The organisation is bound by duty to freedom of expression.

The first may be translated as:- Die Organisation sich zur [zu der] Meinungsfreiheit verpflichtet.
The second is translated as:- Die Organisation ist zur [zu der] Meinungsfreiheit verpflichtet.

Both require the dative case for the noun, but the first can be related to the motto “committed to freedom of expression” , while the second is related to “freedom of expression comes with obligations”.

Hari Seldon
May 25, 2020 2:31 am

The German version of the story has been updated. The additional text:

“Der Sachstand
Update vom 25.5.20
Naomi Seibt erhielt kürzlich einen Brief von einer Funktionärin der staatlichen Medienbehörde für Nordrhein-Westfalen, der Region, in der sie lebt. In dem Brief wurde sie darüber informiert, dass sie ohne Anhörung des mutmaßlichen Vergehens für schuldig befunden wurde, ihr Recht auf freie Meinungsäußerung über das Klima auf YouTube in einer Weise auszuüben, die in dem Brief als nicht „klimafreundlich“ beschrieben wurde. Sie wurde darin aufgefordert 3 ihrer Videos zu löschen. Als zusätzliche Begründung wurde angegeben, dass sie Geld von Heartland für Ihre Meinungsverbreitung erhalten hätte, und das sei verboten.
In einem nachfolgenden Brief forderte die Behörde eine Geldstrafe von etwa 400 US-Dollar und zusätzlich Kosten und wies Naomi an, das Heartland Institute in ihren Videos nicht zu erwähnen. Der wesentliche Grund für diesen Versuch, Naomi zum Schweigen zu bringen, war, dass solche Erwähnungen eine rechtswidrige Produktplatzierung nach einem kürzlich erlassenen Gesetz der Region Nordrhein-Westfalen darstellten.
In dem Schreiben wird auch klargestellt, dass ein Video gegen das neue Gesetz verstößt, wenn es zwei Dinge gleichzeitig tut: Es befürwortet eine für die „Gau“* inakzeptable politische Position (z. B. die Opposition gegen die lähmende Energiewende in Deutschland) und im selben Video , um ein benanntes Produkt oder Unternehmen zu erwähnen, das mit dieser Position verbunden ist (wie das Heartland Institute).
Die Behörde listete dazu drei Videos von Naomi auf, die sie im obigen Sinne für rechtswidrig hielt. Tatsächlich zeigt die Liste, dass die gegen sie erhobenen Anklagen falsch sind. Die Behörde hat sie nur auf Geheiß „klimafreundlicher“ Aktivisten geschlussfolgert.”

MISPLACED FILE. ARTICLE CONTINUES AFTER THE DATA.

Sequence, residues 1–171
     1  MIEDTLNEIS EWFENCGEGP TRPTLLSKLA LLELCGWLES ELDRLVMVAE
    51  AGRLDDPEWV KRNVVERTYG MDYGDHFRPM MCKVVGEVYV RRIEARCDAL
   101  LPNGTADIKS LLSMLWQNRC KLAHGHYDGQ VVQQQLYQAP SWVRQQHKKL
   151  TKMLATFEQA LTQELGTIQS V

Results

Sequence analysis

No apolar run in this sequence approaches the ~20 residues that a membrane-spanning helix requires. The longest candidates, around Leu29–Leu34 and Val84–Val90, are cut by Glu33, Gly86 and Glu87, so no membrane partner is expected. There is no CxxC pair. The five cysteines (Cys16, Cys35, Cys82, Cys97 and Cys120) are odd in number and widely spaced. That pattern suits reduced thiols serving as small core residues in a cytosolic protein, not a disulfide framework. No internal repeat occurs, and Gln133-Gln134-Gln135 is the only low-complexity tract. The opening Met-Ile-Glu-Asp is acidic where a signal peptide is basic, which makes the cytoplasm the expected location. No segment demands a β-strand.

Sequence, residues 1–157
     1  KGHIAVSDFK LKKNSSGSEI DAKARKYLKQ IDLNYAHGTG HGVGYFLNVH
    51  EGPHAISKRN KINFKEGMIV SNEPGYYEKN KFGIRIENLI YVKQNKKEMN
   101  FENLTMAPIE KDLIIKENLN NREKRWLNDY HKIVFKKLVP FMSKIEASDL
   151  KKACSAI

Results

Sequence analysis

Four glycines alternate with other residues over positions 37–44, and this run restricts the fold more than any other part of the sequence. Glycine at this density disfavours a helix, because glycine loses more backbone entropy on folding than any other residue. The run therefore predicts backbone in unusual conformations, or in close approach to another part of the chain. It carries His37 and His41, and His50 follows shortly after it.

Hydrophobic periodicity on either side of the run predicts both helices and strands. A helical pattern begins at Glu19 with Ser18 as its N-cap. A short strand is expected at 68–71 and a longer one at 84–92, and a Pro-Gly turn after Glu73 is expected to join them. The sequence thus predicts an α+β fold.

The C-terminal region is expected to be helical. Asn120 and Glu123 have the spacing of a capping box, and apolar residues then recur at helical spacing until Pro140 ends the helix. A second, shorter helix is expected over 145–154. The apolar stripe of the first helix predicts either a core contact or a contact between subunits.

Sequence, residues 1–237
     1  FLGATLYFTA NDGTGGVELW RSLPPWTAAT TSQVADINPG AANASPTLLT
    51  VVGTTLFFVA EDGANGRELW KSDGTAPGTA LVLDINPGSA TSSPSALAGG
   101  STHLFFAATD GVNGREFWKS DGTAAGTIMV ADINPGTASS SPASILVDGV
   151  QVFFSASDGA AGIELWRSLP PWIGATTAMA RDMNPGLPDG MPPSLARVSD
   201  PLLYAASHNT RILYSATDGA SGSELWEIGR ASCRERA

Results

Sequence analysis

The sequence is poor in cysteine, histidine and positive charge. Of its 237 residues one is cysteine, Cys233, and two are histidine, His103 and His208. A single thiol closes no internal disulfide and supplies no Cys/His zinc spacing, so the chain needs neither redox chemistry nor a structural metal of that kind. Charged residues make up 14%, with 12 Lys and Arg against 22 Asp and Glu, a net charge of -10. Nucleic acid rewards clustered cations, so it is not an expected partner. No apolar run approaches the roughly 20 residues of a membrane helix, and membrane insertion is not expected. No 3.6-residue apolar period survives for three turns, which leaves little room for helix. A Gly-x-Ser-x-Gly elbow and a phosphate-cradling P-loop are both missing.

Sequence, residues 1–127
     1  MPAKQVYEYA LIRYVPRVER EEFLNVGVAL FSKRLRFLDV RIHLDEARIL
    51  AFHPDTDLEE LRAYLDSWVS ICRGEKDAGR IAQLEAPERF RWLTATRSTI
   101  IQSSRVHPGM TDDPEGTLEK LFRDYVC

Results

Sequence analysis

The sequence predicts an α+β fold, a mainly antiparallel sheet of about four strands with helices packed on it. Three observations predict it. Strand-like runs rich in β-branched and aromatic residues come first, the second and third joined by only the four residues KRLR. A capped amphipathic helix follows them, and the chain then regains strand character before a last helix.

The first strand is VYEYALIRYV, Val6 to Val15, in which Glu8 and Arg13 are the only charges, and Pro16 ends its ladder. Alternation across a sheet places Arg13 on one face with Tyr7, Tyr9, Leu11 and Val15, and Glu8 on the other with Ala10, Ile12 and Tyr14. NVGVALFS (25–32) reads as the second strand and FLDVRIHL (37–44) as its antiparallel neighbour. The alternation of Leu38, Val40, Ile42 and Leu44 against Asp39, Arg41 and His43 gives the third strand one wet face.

Here are the full text including the extension:


The extension shows very clearly, that Naomi’s case is a typical free speech case is. Please, don’t generalize this case. In NRW there was a socialist-green government between 2010-2017. Maybe the officer of the NRW authority responsible for Naomi’s case is a Greenie zealot from this era. Think only of the Obama moles in the Trump administration (for example the Vindman brothers).

Jack Black
Reply to  Hari Seldon
May 25, 2020 3:16 am

The “officer of NRW authority” may well be a “greenie puppet”, but this case is undoubtedly brought as result of the underhanded spying operation carried out by the “Corrective” media investigators funded by The Brost Foundation and the WAZ group publications. I wouldn’t be surprised if it were revealed that these cases and officials directly took some instruction from WAZ people and “on the payroll” of Brost.

These are very powerful multi billion Euro entities, and they can’t be fought with a few thousand Patrion points from the well meaning volunteers. Someone like the Brost and its WAZ and Correctiv, can only really be challenged by some other feared rival in the NRW, such as the Great Queen Bertelsmann. Otherwise the Federal Republic itself, and indeed the whole World is endangered by these power crazed lunes of the insignificant Ruhr region.

Hari Seldon
Reply to  Jack Black
May 25, 2020 3:36 am

Mr. Black,

I don’t want to destroy your illusions, but also Bertelsmann belongs to globalist team. For example, Mr. Soros (and his Open Society Foundation) is also a co-financier of the Bertelsmann Think Thank (Bertelsmann Foundation). The Bertelsmann Foundation supports very open uncontrolled mass migration, Green New Deal in Germany, etc. I have the strong feeling that Bertelsman would NOT be very keen to support Naomi.

Jack Black
Reply to  Hari Seldon
May 25, 2020 9:04 am

[Sigh], you may be right about that, and the bête noir Soros when he is involved yet it’s the bad news! But still if we can encourage these two great beasts of the NRW to battle for supremacy, don’t forget ultimately they do what they do for the money principally. They can’t both win and become supreme rulers of the NRW economy, and yet I think maybe that Bertelsmann may be rather more concerned about the unity of the Federal Republic, than the WAZ of the Brost.

Still it is up to us to persuade if we can that Bertelsmann should instead join the army oif Truth and Light, and there is some prospect of a financial advantage in doing so. If not Bertelsmann then who? Should we pit State against State, and suck the whole NRW dry, and pit them against Bavaria, Thuringia, and the Saxony’s? Who is there that will challenge the awful Brost?

Carl Friis-Hansen
Reply to  Hari Seldon
May 25, 2020 4:02 am